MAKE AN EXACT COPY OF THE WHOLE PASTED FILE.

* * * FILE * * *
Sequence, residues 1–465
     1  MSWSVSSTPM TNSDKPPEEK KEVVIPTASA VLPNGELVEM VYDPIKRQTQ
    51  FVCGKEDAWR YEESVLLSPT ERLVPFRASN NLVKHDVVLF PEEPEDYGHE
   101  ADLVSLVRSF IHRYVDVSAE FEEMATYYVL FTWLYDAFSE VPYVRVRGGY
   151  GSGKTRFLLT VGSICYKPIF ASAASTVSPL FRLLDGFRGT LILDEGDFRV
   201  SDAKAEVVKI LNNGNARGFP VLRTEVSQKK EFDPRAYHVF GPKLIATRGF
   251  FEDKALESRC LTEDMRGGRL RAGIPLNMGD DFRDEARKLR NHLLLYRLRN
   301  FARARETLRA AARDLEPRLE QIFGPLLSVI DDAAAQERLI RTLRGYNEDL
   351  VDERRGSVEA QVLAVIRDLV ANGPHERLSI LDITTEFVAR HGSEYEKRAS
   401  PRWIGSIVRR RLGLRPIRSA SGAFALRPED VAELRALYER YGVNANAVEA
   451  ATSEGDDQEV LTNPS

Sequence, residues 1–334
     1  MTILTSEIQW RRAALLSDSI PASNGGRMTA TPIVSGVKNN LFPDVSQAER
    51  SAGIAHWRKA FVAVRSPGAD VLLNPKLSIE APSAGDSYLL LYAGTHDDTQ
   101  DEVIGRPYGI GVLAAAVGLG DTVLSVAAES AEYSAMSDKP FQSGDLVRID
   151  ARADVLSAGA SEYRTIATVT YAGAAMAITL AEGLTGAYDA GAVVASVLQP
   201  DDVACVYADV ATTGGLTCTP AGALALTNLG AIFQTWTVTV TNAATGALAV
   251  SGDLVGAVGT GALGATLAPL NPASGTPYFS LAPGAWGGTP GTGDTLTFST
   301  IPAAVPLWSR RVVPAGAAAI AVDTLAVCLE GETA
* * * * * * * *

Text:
Sequence, residues 1–465
     1  MSWSVSSTPM TNSDKPPEEK KEVVIPTASA VLPNGELVEM VYDPIKRQTQ
    51  FVCGKEDAWR YEESVLLSPT ERLVPFRASN NLVKHDVVLF PEEPEDYGHE
   101  ADLVSLVRSF IHRYVDVSAE FEEMATYYVL FTWLYDAFSE VPYVRVRGGY
   151  GSGKTRFLLT VGSICYKPIF ASAASTVSPL FRLLDGFRGT LILDEGDFRV
   201  SDAKAEVVKI LNNGNARGFP VLRTEVSQKK EFDPRAYHVF GPKLIATRGF
   251  FEDKALESRC LTEDMRGGRL RAGIPLNMGD DFRDEARKLR NHLLLYRLRN
   301  FARARETLRA AARDLEPRLE QIFGPLLSVI DDAAAQERLI RTLRGYNEDL
   351  VDERRGSVEA QVLAVIRDLV ANGPHERLSI LDITTEFVAR HGSEYEKRAS
   401  PRWIGSIVRR RLGLRPIRSA SGAFALRPED VAELRALYER YGVNANAVEA
   451  ATSEGDDQEV LTNPS

Sequence, residues 1–334
     1  MTILTSEIQW RRAALLSDSI PASNGGRMTA TPIVSGVKNN LFPDVSQAER
    51  SAGIAHWRKA FVAVRSPGAD VLLNPKLSIE APSAGDSYLL LYAGTHDDTQ
   101  DEVIGRPYGI GVLAAAVGLG DTVLSVAAES AEYSAMSDKP FQSGDLVRID
   151  ARADVLSAGA SEYRTIATVT YAGAAMAITL AEGLTGAYDA GAVVASVLQP
   201  DDVACVYADV ATTGGLTCTP AGALALTNLG AIFQTWTVTV TNAATGALAV
   251  SGDLVGAVGT GALGATLAPL NPASGTPYFS LAPGAWGGTP GTGDTLTFST
   301  IPAAVPLWSR RVVPAGAAAI AVDTLAVCLE GETA